che gli piu nel lo suo sua sono io delle perche questo quando ogni mio quella loro cosi dei

This is not a “topic” in the sense of a theme or a rhetorical convention. What these words have in common is simply that they’re basic Italian words, which appear together whenever an extended Italian text occurs. And this is the point: a “topic” is neither more nor less than a pattern of co-occurring words.

Nonetheless, a topic like topic 59 does tell us about the history of PMLA. The articles where this topic achieved its highest proportion were:

Antonio Illiano, “Momenti e problemi di critica pirandelliana: L’umorismo, Pirandello e Croce, Pirandello e Tilgher,” PMLA 83 no. 1 (1968): pp. 135-143
Domenico Vittorini, “I Dialogi ad Petrum Histrum di Leonardo Bruni Aretino (Per la Storia del Gusto Nell’Italia del Secolo XV),” PMLA 55 no. 3 (1940): pp. 714-720
Vincent Luciani, “Il Guicciardini E La Spagna,” PMLA 56 no. 4 (1941): pp. 992-1006

And here’s a plot of the changing proportions of this topic over time, showing moving 1-year and 5-year averages:

topic59lineWe see something about PMLA that is worth remembering for the history of criticism, namely, that it has embedded Italian less and less frequently in its language since midcentury. (The model shows that the same thing is true of French and German.)

What can topics tell us about the history of theory?
Of course a topic can also be a subject category—modeling PMLA, we have found topics that are primarily “about Beowulf” or “about music.” Or a topic can be a group of words that tend to co-occur because they’re associated with a particular critical approach.

Here, for instance, we have a topic from Underwood’s 150-topic model associated with discussions of pattern and structure in literature. We can characterize it by listing words that occur more commonly in the topic than elsewhere, or by graphing the frequency of the topic over time, or by listing a few articles where it’s especially salient.

Topic 109 from Underwood's model of 150 topics.
At first glance this topic might seem to fit neatly into a familiar story about critical history. We know that there was a mid-twentieth-century critical movement called “structuralism,” and the prominence of “structure” here might suggest that we’re looking at the rise and fall of that movement. In part, perhaps, we are. But the articles where this topic is most prominent are not specifically “structuralist.” In the top four articles, Ferdinand de Saussure, Claude Lévi-Strauss, and Northrop Frye are nowhere in evidence. Instead these articles appeal to general notions of symmetry, or connect literary patterns to Neoplatonism and Renaissance numerology.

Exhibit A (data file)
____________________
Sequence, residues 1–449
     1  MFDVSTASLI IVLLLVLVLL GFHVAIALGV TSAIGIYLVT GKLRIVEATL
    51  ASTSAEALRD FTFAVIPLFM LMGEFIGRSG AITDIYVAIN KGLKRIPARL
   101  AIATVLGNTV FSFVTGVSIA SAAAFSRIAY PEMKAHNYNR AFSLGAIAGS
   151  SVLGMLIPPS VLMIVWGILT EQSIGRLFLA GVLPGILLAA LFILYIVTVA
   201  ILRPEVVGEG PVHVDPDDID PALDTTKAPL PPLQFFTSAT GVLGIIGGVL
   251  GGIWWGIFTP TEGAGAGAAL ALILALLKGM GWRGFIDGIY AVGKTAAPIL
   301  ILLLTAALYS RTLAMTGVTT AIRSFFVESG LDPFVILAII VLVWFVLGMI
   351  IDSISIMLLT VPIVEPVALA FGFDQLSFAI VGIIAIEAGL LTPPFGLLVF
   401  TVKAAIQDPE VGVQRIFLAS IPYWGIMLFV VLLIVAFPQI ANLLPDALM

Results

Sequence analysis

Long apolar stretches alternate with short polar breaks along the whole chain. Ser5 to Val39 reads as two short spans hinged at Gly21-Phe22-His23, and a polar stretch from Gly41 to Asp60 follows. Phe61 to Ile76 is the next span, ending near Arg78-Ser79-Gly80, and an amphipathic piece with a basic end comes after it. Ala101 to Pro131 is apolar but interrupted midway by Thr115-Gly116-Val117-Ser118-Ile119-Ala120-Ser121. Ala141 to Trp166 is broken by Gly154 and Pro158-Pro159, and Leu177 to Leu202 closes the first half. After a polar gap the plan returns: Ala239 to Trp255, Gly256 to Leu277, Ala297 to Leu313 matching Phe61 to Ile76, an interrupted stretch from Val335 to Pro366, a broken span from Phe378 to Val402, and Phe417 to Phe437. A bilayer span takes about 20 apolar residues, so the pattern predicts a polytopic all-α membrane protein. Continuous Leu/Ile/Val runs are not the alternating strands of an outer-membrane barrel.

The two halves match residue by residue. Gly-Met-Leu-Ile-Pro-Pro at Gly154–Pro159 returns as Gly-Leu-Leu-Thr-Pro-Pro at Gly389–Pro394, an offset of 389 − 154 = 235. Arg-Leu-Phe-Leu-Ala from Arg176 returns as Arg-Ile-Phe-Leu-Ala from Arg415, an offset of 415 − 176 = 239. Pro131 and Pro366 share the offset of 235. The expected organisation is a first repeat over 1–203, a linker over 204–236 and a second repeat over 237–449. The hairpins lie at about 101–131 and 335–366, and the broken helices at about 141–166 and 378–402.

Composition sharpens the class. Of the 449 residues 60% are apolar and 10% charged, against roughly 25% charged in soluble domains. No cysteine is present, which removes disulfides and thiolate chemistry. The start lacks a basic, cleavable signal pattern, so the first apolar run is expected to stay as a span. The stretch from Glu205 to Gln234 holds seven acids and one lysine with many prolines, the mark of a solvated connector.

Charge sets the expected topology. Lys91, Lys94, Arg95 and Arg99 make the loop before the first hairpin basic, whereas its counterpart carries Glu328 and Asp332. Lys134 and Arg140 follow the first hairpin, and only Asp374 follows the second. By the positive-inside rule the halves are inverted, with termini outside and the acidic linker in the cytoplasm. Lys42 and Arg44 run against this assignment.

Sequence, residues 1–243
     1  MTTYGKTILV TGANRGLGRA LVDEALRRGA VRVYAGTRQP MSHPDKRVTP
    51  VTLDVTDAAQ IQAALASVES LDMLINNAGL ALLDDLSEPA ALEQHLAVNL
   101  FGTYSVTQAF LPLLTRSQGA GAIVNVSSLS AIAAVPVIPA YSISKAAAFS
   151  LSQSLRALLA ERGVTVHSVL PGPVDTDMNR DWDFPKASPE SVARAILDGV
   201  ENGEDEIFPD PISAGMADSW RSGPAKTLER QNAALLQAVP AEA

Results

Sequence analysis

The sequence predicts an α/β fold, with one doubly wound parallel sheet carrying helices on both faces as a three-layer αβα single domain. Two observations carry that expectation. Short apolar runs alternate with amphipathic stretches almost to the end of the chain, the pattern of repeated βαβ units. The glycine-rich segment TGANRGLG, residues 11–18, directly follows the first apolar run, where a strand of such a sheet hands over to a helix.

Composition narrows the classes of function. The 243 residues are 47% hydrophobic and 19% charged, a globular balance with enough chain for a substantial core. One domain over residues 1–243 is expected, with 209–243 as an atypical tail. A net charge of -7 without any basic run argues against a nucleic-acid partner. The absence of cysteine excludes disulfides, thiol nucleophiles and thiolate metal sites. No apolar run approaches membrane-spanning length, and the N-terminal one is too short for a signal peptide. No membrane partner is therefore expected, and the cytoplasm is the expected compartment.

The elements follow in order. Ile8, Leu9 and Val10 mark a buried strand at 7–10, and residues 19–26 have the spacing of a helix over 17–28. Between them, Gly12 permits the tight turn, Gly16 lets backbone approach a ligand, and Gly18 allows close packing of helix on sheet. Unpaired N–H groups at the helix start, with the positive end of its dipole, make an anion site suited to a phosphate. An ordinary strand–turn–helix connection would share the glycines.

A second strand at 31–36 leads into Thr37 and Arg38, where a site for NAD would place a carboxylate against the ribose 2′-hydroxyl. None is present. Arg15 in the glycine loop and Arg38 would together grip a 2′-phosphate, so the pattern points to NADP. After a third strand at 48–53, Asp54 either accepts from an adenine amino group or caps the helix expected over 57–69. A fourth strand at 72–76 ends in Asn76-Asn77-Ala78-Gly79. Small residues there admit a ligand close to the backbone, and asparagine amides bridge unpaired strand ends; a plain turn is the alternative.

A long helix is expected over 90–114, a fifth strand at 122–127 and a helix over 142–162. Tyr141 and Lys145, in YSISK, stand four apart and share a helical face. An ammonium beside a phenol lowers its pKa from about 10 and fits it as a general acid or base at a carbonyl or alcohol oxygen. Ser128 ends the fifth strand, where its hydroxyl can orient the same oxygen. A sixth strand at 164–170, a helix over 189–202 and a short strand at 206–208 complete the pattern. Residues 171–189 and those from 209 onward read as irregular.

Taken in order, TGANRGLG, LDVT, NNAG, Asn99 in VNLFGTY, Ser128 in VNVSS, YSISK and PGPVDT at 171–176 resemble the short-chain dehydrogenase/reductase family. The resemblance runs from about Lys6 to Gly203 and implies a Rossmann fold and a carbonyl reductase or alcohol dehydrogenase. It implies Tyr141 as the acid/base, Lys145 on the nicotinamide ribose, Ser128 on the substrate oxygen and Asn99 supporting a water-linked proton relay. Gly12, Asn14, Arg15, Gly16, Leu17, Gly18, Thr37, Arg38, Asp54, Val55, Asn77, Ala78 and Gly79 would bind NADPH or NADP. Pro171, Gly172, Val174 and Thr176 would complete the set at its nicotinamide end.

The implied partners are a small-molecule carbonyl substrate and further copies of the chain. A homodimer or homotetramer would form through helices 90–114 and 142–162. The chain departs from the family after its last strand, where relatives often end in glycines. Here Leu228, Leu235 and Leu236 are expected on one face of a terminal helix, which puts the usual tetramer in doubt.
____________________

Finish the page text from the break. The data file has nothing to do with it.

By forcing us to attend to concrete linguistic practice, topic modeling gives us a chance to bracket our received assumptions about the connections between concepts. While there is a distinct mid-century vogue for structure, it does not seem strongly associated with the concepts that are supposed to have motivated it (myth, kinship, language, archetype). And it begins in the 1940s, a decade or more before “structuralism” is supposed to have become widespread in literary studies. We might be tempted to characterize the earlier part of this trend as “New Critical interest in formal unity” and the latter part of it as “structuralism.” But the dividing line between those rationales for emphasizing pattern is not evident in critical vocabulary (at least not at this scale of analysis).

This evidence doesn’t necessarily disprove theses about the history of structuralism. Topic modeling might not reveal varying “rationales” for using a word even if those rationales did vary. The strictly linguistic character of this technique is a limitation as well as a strength: it’s not designed to reveal motivation or conflict. But since our histories of criticism are already very intellectual and agonistic, foregrounding the conscious beliefs of contending critical “schools,” topic modeling may offer a useful corrective. This technique can reveal shifts of emphasis that are more gradual and less conscious than the ones we tend to celebrate.